With an eye toward a 2014 ballot measure, the Palo Alto City Council this week approved a contract with a public-opinion firm to determine which infrastructure projects and funding mechanisms local residents would be willing to support in the voting booth.
In its final meeting of 2012, the City Council approved with no debate or discussion a $90,000 contract with the firm Fairbank, Maslin, Maullin, Metz and Associates for public-opinion research services relating to the infrastructure measure. The firm will spend the next two years identifying the level of support for each project, considering which funding mechanisms are most likely to win support and advising the city on optimal election timing and effective messaging.
The hiring of FM3 (as the firm is commonly known) is a major step in the city's effort to bring an infrastructure measure to its voters and a fitting conclusion to what Mayor Yiaway Yeh described as "A Year of Infrastructure Renewal and Investment." The council agreed to pursue the measure after a specially appointed Infrastructure Blue Ribbon Task Force released a report last year identifying a wish list of crucial infrastructure projects costing about $200 million, including a new police headquarters and two updated fire stations.
The 17-member task force also identified a $95 million backlog in deferred maintenance.
The council chose FM3 from a field of six candidates, with bids ranging from $85,000 to $155,000, according to a report from the office of City Manager James Keene. The firm had also worked with the city on opinion research before the city's successful $76 million library bond measure in 2008.
As part of the contract, FM3 will conduct a feasibility survey next spring involving about 600 local voters. If results were to indicate that an infrastructure measure would be feasible, the firm would focus groups during the summer and then conduct other, more refined surveys in fall 2013 and early in 2014. The council has until August 2014 to decide whether to proceed with the finance measure.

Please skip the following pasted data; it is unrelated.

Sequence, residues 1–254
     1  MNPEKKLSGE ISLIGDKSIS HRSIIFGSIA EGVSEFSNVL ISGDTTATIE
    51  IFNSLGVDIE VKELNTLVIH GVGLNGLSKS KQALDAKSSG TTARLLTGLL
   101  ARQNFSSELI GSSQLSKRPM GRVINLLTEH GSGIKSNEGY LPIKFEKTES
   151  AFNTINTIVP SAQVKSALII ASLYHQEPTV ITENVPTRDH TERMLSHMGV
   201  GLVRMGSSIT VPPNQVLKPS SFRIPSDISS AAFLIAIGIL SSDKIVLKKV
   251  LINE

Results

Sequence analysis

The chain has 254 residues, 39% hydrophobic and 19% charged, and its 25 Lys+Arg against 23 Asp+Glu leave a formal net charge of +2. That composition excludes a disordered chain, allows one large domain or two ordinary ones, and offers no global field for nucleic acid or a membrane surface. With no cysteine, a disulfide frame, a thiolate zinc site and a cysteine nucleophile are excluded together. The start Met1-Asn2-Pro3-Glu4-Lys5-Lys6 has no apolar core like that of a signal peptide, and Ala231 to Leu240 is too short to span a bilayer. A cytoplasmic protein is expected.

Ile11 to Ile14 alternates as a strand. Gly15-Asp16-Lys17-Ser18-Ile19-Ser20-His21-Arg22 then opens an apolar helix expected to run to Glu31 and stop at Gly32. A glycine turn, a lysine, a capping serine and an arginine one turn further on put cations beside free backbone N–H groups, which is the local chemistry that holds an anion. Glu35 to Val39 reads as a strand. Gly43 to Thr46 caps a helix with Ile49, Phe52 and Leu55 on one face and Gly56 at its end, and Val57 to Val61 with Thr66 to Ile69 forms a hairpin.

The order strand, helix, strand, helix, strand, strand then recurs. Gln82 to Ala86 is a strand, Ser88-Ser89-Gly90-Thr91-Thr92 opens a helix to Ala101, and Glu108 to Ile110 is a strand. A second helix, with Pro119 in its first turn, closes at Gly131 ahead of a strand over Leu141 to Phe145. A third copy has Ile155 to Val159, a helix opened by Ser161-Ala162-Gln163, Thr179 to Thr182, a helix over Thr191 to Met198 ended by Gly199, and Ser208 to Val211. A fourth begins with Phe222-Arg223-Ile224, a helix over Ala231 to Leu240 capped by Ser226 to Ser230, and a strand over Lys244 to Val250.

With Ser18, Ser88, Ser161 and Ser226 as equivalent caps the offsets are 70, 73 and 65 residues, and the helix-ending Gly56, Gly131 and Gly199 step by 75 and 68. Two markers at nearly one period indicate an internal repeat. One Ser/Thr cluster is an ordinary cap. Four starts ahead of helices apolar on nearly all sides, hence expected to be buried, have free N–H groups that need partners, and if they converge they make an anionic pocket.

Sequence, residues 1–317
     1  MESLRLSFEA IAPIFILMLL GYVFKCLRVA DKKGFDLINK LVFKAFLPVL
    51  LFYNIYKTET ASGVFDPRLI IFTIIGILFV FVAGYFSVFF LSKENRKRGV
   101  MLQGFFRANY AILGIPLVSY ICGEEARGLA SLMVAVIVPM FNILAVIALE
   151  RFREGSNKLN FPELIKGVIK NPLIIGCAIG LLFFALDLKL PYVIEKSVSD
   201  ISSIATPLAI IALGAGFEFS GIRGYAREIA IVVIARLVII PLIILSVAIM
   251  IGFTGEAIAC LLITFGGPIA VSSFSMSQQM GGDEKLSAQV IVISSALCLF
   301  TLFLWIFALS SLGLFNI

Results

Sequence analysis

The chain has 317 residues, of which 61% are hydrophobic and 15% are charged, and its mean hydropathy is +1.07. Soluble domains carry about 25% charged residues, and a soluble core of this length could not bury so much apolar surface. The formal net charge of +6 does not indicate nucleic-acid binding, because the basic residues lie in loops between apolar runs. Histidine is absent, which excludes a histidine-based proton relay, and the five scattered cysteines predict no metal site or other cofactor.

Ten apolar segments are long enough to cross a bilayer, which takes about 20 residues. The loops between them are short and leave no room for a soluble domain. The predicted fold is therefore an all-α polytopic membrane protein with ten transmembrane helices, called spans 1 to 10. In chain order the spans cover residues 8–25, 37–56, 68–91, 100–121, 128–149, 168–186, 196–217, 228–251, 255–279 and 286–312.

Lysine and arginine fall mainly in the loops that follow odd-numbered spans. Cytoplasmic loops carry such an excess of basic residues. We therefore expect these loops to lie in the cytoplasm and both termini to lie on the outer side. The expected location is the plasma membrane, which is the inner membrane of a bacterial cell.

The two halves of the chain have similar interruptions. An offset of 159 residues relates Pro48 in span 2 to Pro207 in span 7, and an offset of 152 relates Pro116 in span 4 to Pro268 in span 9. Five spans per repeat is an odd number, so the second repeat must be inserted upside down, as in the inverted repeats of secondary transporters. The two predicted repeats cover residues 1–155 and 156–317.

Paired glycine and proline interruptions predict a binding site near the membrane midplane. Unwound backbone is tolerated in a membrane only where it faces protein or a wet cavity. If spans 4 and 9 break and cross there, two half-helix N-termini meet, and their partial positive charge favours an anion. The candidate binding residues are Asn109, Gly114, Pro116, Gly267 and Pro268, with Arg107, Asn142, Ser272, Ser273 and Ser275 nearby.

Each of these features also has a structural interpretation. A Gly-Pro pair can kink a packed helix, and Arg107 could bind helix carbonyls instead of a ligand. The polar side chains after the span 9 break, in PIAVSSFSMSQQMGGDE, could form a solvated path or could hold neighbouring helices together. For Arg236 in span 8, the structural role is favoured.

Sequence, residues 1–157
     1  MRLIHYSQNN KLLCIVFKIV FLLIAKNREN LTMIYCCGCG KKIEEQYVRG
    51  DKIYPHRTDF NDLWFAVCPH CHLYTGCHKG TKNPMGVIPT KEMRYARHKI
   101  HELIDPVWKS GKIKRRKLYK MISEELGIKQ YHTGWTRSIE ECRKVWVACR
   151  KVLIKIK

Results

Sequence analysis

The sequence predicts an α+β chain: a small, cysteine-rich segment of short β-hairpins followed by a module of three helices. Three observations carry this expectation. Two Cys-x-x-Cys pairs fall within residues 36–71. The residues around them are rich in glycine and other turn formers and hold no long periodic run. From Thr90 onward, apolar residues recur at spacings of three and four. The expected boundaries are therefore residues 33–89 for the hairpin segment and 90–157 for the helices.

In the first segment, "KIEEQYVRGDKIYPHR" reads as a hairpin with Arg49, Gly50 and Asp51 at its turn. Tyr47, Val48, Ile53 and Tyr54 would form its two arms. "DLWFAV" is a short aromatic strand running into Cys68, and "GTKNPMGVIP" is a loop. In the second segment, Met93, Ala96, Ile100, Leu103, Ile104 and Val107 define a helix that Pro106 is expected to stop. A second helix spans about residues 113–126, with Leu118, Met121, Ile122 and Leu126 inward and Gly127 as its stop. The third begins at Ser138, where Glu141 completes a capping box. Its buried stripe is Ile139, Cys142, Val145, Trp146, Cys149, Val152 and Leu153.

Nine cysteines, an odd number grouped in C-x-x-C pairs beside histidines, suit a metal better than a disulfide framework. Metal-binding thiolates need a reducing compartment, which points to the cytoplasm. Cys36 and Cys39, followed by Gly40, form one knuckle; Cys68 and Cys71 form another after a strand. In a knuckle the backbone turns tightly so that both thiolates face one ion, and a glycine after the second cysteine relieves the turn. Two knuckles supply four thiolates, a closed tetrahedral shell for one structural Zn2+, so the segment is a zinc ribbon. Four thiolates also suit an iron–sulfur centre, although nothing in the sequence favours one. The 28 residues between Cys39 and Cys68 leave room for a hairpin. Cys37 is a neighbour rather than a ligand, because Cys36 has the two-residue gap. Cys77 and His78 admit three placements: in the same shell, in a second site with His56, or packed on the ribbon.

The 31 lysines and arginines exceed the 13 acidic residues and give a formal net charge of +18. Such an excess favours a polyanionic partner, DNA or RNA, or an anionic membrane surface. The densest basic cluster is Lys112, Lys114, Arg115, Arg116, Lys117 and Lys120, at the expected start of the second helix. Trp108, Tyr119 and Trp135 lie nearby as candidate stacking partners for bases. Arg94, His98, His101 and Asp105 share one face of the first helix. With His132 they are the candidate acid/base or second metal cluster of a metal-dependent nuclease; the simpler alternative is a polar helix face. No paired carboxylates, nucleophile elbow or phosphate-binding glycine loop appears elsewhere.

In the meantime, staff will continue to narrow its cost estimates for the many items on the list, including the public-safety building (which currently carries a price tag of $47 million); Byxbee Park improvements ($3.6 million); various bike and pedestrian improvements ($25 million); a new bike bridge over U.S. Highway 101 ($10 million); upgrades to fire stations at Rinconada and Mitchell parks ($14.2 million); a refurbishing of the Animal Services Center ($6.9 million); and construction of playing fields at the Palo Alto Municipal Golf Course ($6 million).
Palo Alto officials are also looking to hire a consultant to assist the city in community engagement and outreach. The city is soliciting bids for a firm that would work with FM3 to "develop and manage strategies focused on the finance measure's feasibility"; develop, refine and target key messages and themes; and develop a communication plan. Staff will likely bring the selected firm's contract to the council for approval in January.